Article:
First stop was at an Ethiopian community center where we heard the story from an amazing woman who came to Israel from Ethiopia, through Sudan, in 1984. It was a fascinating story and afterwords they served us spiced coffee and their version of cornbread. Hospitality is very important to them. We also had the opportunity to buy some of their handicrafts.

Next stop was with Lecket -- an Israeli organization that provides food for those in need. Lecket means "gleaning" and refers to the mitzvah of leaving unharvested crops in the corners of the fields for the poor to gather (Book of Ruth, among other places). The group both collects leftover food from catered events and restaurants and from farmers' fields. Our job was to harvest pomegranates. We spent about 1/2 hour and filled two large bins.

We then went to the other extreme -- an upscale mall in Ramat Aviv, an upscale neighborhood of Tel Aviv. We visited the food court for lunch -- falafel for me. You'll see photos from the mall -- lots of familiar stores. On the one hand, how annoying that it's the same places I could shop at back home. On the other hand, how nice to know that these brands are not boycotting Israel.

Our next stop was close by, on the edge of Tel Aviv University. We went to the Palmach Museum. This group was the original Israeli underground, working during WWII to try to help Jews escape Europe and also working first with the English against the Arabs in Palestine and then against both the English and the Arabs. It was thanks to them that Israel won the war of independence. It is an amazing museum -- entirely multi-media with some exhibits and films (we had English translations to listen to). It was very moving and inspiring.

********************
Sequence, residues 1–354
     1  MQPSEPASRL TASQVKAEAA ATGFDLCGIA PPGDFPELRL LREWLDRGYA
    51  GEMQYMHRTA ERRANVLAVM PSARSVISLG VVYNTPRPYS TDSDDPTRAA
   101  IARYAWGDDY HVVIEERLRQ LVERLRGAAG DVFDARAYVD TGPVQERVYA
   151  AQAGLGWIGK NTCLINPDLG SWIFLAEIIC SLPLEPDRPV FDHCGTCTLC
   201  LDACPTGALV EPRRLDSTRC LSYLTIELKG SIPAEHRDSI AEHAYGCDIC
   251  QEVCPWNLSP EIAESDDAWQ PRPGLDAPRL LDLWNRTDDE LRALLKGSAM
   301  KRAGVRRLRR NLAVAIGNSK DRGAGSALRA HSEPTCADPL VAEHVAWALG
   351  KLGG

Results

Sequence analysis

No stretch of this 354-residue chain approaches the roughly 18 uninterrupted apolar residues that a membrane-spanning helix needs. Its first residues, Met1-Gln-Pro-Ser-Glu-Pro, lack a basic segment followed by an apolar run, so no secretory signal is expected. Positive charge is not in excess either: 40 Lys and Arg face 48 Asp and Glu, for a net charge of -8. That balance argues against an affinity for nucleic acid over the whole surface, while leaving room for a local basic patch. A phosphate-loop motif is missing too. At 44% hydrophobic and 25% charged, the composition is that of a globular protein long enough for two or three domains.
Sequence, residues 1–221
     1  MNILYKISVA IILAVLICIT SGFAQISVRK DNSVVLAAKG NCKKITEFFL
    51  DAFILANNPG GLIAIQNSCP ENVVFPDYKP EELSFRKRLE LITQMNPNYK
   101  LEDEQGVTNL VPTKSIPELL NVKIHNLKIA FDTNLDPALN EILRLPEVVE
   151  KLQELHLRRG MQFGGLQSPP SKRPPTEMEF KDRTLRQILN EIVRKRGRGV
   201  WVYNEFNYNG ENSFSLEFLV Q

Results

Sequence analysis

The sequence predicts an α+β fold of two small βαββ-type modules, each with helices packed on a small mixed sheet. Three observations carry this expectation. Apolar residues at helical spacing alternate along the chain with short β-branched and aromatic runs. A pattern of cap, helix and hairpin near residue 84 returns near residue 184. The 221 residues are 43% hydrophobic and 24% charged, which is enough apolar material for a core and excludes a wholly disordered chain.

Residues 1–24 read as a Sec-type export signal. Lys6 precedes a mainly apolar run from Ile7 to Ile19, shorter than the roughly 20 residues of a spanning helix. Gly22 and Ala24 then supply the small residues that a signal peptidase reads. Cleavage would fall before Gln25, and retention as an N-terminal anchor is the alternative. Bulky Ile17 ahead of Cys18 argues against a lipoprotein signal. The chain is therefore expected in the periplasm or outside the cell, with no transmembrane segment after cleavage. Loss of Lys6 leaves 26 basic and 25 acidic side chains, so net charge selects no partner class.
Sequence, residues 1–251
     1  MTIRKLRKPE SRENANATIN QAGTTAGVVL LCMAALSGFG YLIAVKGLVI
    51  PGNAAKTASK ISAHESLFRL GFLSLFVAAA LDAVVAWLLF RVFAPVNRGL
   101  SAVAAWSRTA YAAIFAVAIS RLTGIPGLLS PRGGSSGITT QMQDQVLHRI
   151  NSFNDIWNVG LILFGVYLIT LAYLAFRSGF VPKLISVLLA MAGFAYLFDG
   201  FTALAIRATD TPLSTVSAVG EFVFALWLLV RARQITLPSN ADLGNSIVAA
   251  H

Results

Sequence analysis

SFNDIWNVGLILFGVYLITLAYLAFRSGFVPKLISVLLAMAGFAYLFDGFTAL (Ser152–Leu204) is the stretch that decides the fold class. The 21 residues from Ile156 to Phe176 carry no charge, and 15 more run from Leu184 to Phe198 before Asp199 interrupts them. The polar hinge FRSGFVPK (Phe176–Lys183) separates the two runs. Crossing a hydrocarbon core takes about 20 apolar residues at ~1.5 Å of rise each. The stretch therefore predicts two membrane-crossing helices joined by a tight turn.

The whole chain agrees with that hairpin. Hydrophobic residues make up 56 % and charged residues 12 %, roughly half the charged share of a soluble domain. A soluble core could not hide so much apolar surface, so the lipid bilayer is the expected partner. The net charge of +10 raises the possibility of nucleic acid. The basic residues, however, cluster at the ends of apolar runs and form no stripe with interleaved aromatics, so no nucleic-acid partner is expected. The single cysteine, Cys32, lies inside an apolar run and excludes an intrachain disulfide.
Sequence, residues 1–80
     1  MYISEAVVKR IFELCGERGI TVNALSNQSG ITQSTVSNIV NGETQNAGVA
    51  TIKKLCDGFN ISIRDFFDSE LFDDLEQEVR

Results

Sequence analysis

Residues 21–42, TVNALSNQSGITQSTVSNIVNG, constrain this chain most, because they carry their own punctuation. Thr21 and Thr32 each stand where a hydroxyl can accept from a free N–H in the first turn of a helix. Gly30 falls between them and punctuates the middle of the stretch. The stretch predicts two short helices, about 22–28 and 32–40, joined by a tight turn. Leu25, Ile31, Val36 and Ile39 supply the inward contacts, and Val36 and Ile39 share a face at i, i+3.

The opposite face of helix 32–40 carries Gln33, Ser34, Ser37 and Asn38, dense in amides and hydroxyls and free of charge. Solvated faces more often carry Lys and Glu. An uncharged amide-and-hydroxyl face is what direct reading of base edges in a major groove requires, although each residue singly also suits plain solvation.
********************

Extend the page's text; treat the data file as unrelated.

The bus made a stop at the hotel before heading to the next stop, which was a walking tour along Rothschild Blvd. As Mike and I spent three days walking along there and seeing the same sights, we got off. And finally success -- Mike was able to rent a kayak and paddle in the Mediterranean.

We had dinner at an outdoor restaurant just south of our hotel, next to the Tel Aviv marina. It was very pleasant. Later in the evening, a friend of the family who lived in Englewood for a few years, came by. Over cups of tea, we chatted and caught up on the doings of his family and ours. Jeff originally came to Israel to work as a lawyer. He decided that he wanted to be a rabbi and came to the US to go to JTS. He now still works as a lawyer but has founded a small conservative congregation that has grown to about 70 families in three years.

We finished packing in preparation for moving on tomorrow.

Day five photos